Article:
This remark revealed the inclusivity in the mindset of President Ramos, an example of a bridging leader. To make the long story short, the peace process was eventually concluded successfully, and the rebel leader eventually became an elected governor. President Ramos, despite his “managerialist” perspective towards this complex problem (the President of any country HAS to be a “managerialist”) was able to defuse years of armed conflict, stem further bloodshed and resume development in the region. It worked.

      President Ramos’ first state visit abroad was to erstwhile Philippine “enemy” during the cold war, Vietnam. This was followed by a Manila conference, in which Vietnam participated, to discuss the option of Vietnam joining ASEAN. Next, a Manila meeting of top political advisers to ASEAN presidents or prime ministers crafted a recommendation for ASEAN to be expanded from 6 to 10 countries, to include Vietnam, Laos, Cambodia and Myanmar. This recommendation was subsequently adopted in the Bangkok Summit of ASEAN heads of state in following year. Afterwards, I was sent as part of an ASEAN advisory team to help the four countries through the process of joining ASEAN. ASEAN 10 has become a vibrant regional grouping of countries that were “enemies” 2-3 decades ago. Now, that shows the exceptional quality of bridging leadership in President Fidel V. Ramos! It worked.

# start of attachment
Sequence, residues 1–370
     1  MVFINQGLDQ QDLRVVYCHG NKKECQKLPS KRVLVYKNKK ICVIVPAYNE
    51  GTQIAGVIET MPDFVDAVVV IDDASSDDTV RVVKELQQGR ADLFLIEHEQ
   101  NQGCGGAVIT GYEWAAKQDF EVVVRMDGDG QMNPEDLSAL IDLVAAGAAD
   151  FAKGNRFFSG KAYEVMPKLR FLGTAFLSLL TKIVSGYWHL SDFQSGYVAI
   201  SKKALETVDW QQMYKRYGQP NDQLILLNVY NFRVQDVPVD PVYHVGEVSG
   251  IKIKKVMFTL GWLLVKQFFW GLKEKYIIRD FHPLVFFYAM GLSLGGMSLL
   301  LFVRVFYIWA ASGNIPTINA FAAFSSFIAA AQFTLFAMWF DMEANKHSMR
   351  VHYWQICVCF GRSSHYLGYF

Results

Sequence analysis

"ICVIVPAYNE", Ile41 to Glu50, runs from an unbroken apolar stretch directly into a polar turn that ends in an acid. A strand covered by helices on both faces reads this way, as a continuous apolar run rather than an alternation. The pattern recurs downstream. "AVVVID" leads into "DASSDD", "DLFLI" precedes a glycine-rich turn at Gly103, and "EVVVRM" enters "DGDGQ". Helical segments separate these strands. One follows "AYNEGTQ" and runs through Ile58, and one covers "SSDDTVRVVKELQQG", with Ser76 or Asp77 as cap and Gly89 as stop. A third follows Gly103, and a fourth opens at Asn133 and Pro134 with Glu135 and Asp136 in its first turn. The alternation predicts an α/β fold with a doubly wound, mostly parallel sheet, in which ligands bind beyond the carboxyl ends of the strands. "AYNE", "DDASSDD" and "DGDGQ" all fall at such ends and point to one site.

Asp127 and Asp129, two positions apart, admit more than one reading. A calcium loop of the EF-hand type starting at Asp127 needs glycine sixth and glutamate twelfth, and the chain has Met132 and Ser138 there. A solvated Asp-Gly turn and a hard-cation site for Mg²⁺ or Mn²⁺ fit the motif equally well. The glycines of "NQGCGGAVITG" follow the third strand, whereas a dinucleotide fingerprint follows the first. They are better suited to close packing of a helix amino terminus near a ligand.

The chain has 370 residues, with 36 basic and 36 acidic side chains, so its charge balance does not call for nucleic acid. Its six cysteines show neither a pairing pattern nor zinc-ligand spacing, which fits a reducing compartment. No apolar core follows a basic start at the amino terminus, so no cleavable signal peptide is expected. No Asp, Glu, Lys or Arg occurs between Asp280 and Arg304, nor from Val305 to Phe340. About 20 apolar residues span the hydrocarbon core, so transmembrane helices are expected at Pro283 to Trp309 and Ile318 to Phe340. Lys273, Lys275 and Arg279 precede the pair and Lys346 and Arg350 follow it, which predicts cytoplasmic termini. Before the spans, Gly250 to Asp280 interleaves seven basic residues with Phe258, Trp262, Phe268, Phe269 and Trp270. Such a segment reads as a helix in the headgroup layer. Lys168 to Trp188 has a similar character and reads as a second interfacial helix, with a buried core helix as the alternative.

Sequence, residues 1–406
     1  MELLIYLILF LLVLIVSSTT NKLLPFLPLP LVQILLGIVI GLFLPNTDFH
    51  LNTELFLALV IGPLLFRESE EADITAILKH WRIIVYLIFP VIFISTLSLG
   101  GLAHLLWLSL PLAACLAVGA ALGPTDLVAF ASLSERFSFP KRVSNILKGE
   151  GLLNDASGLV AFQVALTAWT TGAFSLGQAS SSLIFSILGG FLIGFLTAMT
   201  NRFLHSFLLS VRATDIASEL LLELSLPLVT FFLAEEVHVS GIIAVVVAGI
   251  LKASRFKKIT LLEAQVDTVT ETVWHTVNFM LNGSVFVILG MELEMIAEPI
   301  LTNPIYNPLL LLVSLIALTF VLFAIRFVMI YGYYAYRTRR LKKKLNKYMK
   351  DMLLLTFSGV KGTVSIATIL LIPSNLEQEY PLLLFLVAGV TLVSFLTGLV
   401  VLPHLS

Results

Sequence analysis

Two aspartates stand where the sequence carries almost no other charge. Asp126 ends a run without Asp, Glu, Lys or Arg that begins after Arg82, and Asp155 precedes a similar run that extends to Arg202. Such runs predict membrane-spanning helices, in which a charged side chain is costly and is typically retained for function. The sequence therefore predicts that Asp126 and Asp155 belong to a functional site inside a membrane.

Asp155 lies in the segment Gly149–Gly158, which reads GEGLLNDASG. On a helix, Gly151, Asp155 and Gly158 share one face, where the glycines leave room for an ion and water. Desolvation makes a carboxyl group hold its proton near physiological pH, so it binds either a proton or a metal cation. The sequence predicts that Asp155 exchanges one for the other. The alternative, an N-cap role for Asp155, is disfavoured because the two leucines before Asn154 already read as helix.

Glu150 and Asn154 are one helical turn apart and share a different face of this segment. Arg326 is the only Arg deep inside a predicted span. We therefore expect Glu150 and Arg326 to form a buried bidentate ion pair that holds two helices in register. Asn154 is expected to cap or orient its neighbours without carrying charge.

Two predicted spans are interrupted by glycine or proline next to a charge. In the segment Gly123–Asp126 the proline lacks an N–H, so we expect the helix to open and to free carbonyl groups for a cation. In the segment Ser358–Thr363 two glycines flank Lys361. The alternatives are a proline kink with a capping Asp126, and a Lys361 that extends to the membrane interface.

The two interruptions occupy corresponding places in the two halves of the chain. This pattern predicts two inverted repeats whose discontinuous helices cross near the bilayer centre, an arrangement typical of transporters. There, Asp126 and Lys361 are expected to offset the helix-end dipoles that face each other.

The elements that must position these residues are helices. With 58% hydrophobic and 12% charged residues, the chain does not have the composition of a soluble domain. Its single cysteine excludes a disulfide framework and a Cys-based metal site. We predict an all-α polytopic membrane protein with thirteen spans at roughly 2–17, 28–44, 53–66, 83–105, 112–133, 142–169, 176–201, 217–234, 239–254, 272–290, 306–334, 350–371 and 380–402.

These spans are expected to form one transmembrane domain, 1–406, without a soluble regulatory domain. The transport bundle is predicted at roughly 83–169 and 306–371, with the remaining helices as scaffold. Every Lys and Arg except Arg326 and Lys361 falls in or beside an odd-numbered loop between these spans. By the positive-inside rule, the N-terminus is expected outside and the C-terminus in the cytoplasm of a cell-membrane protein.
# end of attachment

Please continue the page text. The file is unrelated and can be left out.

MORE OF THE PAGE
2 – About Adam Kahane

      Kahane, in his book “Solving Tough Problems: An Open Way of Talking, Listening, and Creating New Realities,” narrates how he was requested by the University of the Western Cape in 1991 (when apartheid was still reigning in the country) to facilitate a series of three dialogue-workshops among warring political leaders – black as well as white – in South Africa to explore various future scenarios for their country. The dialogue came up with an illustrative metaphor to describe each scenario: “Ostrich”, “Lame Duck”, “Icarus” and “Flight of the Flamingoes”. The metaphors conveyed clearly the major political choices in an otherwise bewildering and complex national context. These unusual dialogues proved fateful; subsequent events used the metaphors to generate national awareness and discussion on strategic political choices facing all South Africans, and eventually paving the way to the historic end of apartheid and the rise of Nelson Mandela. It worked.

      Kahane may have indeed “watered down…the radical implications of complexity theory” but he and his approach to generative dialogue contributed to producing dramatic and radical results in South Africa that most everyone in the world, and especially in the African continent, have been celebrating.

      My blog on “KM and political power: constant bedfellows” will be the third from the last one I posted yesterday, so it will be out a little over a week from today. In this blog post, I will present a simple framework which makes it easy to appreciate why explaining where one is coming from (understanding how the experiences of a person led to his present beliefs) and looking at what works (operational outcomes of actions sponsored by the beliefs) — which is what I am trying to illustrate in this entire comment — is preferable to debate (e.g. judging someone else’s statements on the basis of your own beliefs and values).